Genetics/Diseases: A project to map and characterize genes that cause genetic diseases in Israel in both Ashkenazi and non-Ashkenazi populations is underway by staff at the Department of Genetics, under the direction of Prof. Motti Shohat. Breakthroughs have been achieved in identifying genes responsible for maternally transmitted deafness, mental retardation, learning disabilities, renal failure, and dysplasia (skeleton deformity), providing the possibility for preventing such conditions in the future.
Liver/Hepatitis C: Researchers have discovered an important viral protein, the Hepatitis C serine protease, which transforms normal cells into malignant ones. They analyze the protease activity and screen various natural compounds and synthetic agents for their ability to inhibit the virus. Research is being conducted under the direction of Prof. Ran Tur-Caspa, Director of the Liver Institute and the Department of Medicine D and Deputy Dean of the Tel Aviv University Sackler School of Medicine.
Neurology/Parkinson's: A novel drug (AD4) has been discovered that crosses the blood-brain barrier and could offer new hope for treatment in Parkinson's, Multiple Sclerosis, and Alzheimer's. Prof. Eldad Melamed, Chief of the Department of Neurology at Rabin Medical Center and Tel Aviv University together with Dr. Daniel Offen, Director of the Neurology Laboratory at the Tel Aviv University School of Medicine, collaborated on this important discovery.
Orthopedics/Hip Therapy: A new technique is being used for treating degenerative diseases of the hip. Rather than replacing the hip-which requires amputation, the outer layer of cartilage is "peeled" and "covered" with a thin metal covering to reconstruct the natural joint.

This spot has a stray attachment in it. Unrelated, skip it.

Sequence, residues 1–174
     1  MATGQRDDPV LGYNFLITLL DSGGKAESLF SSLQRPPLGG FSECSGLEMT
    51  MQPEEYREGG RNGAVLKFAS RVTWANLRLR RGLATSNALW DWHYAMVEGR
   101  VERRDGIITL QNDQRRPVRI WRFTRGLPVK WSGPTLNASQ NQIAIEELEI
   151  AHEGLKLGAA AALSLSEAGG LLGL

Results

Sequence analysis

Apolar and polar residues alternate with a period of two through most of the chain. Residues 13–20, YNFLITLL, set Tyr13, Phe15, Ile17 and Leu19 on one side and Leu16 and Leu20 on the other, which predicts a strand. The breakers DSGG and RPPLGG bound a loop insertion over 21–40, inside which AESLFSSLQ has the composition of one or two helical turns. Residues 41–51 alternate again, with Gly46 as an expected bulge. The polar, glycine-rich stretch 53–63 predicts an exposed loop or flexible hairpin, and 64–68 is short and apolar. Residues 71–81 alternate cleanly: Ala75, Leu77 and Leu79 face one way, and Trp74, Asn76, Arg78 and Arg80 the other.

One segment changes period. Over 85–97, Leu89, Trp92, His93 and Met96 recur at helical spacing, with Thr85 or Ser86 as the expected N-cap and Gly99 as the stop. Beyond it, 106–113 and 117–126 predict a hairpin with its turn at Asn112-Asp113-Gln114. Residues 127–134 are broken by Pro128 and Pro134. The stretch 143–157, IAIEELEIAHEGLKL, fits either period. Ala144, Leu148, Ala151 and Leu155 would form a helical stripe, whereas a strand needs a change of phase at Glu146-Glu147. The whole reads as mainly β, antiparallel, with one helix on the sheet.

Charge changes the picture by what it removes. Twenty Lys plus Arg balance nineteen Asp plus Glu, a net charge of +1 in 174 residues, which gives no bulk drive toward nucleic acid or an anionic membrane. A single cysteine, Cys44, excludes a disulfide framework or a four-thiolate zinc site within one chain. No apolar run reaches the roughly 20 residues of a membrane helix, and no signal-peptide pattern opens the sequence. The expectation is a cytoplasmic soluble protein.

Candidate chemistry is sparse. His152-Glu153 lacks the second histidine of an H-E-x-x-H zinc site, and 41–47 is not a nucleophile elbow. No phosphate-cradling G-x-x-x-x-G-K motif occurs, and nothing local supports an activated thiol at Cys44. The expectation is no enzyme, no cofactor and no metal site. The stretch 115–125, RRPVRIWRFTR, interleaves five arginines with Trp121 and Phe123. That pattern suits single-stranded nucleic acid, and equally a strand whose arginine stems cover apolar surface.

Eye Surgery Microscopic Incisions: Rabin Medical Center is one of ten medical institutions worldwide chosen to perform eye surgery using a mini incision microscopic technology, which consists of a slim optic fiber that illuminates the inside of the eye. This technique, used by the Department of Ophthalmology, is less invasive, cuts surgery time, and uses local instead of general anesthesia, thereby hastening the recovery process.
Camera in a Pill: A miniature camera, weighing only 1/7th of an ounce, has been developed by Rabin Medical Center to view the digestive track. This new imaging system, used by the Gastroenterology Institute under the directorship of Prof. Yaron Niv, has enough battery power to take 50,000 color images, enabling doctors to see areas that a conventional endoscopic examination cannot reach.
Pinpointing the Exact Location of a Brain Tumor: Rabin Medical Center now uses a navigation system-called the "Navigator"-to create 3D images of tumors to assist during brain surgery. This improved technology significantly lowers the risk of difficult and extensive brain surgery, especially for tumors located deep in the brain.
|ABOUT US||RABIN MEDICAL CENTER||PILLARS OF EXCELLENCE||NEWS AND RELEASES||EVENTS||HOW TO HELP||CONTACT US|
|Mission StatementHistoryRabin Medical CenterMedical Advisory BoardBoard of DirectorsHonorary BoardExecutive Reports||About Rabin Medical CenterRabin Medical Center HistoryFacts and Figures||OncologyGeneticsResearchWomen's HealthOrgan TransplantationCardiologyEmergency & TraumaCardiothoracic Surgery||News ReleasesBreaking NewsVital Signs NewsletterVideo Collection||Upcoming EventsPhoto Archive||DonationsSpecified DonationsVolunteers and Interns||Contact Us|
American Friends of Rabin Medical Center :: 636 Broadway, Suite 218 :: New York, NY 10012 :: (tel) 212.279.2522 :: (fax) 212.279.0179 :: firstname.lastname@example.org